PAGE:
Author(s): Khattar P, Friedrich FW, Bonne G, Carrier L, Eschenhagen T,
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Abstract Islet-1 expression identifies populations of progenitor cells in embryonic, fetal, and newborn murine hearts that are able to give rise to all cardiac cell lineages ex vivo and in vivo. Using systematic immunohistochemistry, we investigated whether islet-1-positive cells are present in adult mouse heart from the perspective of their potential therapeutic utility. The presence, localization, and nature of islet-1-positive cells were assessed in mice of different strains, ages, and conditions. Islet-1-positive cells were present in mouse heart from postnatal day 1 to young adulthood. Depending on the strain, these cells were organized in either 1 or 2 types of clusters localized to restricted areas, at a distance of 6\%-35\% of the heart length from the base. The first type of cluster was present in all strains and consisted of neural crest-derived cells that formed cardiac ganglia. The number of cells remained stable (a few hundred) from neonatal up to adult ages, and variations were noted between strains regarding their long-term persistency. The second type of cluster was essentially present in 129SvJ or Balb/C strains and absent from the other strains tested (C57BL/6J, C3H, SJL). It consisted of cells expressing highly ordered sarcomeric actin, consistent with their having cardiomyocyte identity. These cells disappeared in animals older than 4 months. Neither the number nor the type of islet-1-positive cells varied with time in a mouse model of dilated cardiomyopathy. Our studies demonstrate that islet-1-positive cells are relatively few in number in adult murine heart, being localized in restricted and rather inaccessible areas, and can represent both neural crest and cardiomyocyte lineages.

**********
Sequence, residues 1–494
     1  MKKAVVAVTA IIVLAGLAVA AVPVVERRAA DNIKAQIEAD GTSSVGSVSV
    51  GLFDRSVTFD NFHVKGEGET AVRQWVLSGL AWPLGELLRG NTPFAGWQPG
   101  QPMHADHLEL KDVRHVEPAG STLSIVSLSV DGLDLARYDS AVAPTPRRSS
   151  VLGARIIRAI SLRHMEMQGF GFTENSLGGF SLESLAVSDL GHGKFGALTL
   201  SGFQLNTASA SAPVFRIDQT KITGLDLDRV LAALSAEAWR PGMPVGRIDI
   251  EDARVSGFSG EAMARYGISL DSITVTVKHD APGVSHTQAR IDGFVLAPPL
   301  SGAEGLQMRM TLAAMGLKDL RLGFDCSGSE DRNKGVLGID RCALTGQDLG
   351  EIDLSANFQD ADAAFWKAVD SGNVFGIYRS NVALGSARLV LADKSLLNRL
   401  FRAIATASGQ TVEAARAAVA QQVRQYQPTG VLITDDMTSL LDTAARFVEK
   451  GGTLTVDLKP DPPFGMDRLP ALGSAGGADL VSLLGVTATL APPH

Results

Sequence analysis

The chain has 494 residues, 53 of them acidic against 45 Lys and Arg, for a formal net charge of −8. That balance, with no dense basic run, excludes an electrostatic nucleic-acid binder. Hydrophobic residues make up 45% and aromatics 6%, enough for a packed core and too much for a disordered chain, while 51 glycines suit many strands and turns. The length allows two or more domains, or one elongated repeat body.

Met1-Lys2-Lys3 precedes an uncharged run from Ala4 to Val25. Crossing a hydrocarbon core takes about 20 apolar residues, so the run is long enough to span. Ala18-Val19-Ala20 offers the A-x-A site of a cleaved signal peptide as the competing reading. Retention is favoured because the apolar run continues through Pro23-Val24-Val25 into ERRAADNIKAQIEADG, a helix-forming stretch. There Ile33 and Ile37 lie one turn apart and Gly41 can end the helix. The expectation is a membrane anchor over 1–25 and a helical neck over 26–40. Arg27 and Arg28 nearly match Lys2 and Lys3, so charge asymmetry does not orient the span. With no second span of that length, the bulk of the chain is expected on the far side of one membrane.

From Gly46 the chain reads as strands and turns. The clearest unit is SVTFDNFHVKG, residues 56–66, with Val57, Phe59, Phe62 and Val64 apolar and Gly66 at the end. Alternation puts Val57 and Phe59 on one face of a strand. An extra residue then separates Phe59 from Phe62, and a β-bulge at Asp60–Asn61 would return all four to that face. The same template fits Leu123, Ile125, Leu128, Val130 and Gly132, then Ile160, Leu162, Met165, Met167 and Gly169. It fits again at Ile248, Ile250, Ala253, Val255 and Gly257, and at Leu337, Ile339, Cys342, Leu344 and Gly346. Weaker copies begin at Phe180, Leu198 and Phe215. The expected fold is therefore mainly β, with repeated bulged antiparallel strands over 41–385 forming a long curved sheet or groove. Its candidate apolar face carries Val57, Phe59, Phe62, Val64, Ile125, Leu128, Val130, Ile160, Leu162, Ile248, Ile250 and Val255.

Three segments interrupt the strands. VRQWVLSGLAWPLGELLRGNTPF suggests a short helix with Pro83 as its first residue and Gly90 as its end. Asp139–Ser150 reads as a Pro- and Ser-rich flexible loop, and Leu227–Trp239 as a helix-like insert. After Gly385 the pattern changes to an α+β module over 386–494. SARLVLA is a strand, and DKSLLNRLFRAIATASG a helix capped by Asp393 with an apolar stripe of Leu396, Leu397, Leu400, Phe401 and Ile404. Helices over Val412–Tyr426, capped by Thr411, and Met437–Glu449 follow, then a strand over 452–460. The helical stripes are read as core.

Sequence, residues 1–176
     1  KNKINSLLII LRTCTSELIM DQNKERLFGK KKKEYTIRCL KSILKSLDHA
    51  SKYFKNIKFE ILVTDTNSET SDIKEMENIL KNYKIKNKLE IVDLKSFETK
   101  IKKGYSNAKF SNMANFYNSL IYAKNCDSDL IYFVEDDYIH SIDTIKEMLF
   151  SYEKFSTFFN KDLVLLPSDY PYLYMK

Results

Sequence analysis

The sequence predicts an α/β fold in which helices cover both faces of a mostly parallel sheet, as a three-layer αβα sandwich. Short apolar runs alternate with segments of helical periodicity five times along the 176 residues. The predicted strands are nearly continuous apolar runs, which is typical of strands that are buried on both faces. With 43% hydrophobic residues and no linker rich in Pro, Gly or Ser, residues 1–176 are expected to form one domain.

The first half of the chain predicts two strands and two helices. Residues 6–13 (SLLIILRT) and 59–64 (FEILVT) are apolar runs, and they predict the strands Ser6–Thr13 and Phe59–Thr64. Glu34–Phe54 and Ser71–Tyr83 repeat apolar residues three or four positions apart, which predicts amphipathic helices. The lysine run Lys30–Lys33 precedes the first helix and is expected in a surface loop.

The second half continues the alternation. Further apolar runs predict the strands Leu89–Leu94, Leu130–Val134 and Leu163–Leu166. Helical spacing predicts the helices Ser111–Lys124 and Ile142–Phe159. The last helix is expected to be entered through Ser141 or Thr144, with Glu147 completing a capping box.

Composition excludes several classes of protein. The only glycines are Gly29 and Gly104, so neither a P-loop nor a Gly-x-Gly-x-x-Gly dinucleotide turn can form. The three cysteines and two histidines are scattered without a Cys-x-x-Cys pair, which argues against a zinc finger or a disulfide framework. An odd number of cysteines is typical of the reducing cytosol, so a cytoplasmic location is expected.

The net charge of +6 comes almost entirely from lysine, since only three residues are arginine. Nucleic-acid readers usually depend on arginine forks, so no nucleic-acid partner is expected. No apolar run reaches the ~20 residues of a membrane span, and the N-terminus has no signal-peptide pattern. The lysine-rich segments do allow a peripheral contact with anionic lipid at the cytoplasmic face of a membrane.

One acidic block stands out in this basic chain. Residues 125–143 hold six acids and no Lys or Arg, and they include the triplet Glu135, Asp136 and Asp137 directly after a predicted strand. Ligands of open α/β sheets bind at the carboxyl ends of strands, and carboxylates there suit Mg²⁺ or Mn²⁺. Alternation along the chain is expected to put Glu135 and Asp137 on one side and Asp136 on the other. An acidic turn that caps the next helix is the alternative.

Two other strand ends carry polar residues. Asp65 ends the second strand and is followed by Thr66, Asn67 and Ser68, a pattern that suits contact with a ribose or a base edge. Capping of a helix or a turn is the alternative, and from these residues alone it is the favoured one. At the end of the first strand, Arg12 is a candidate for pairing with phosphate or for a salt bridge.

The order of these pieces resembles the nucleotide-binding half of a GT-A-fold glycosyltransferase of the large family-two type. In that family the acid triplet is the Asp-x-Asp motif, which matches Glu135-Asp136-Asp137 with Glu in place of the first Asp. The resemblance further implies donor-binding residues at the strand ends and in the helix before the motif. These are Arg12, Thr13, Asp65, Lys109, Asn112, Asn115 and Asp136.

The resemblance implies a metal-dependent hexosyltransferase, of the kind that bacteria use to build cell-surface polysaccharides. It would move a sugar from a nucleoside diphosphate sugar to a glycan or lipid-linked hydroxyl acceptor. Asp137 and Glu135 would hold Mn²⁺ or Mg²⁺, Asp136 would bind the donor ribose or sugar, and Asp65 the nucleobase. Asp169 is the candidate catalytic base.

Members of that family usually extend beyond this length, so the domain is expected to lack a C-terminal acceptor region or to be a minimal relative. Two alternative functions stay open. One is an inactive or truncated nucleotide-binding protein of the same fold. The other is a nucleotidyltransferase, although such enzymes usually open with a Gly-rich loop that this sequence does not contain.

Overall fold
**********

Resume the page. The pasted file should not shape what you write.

This article was published in Stem Cells Dev
and referenced in Journal of Clinical & Experimental Cardiology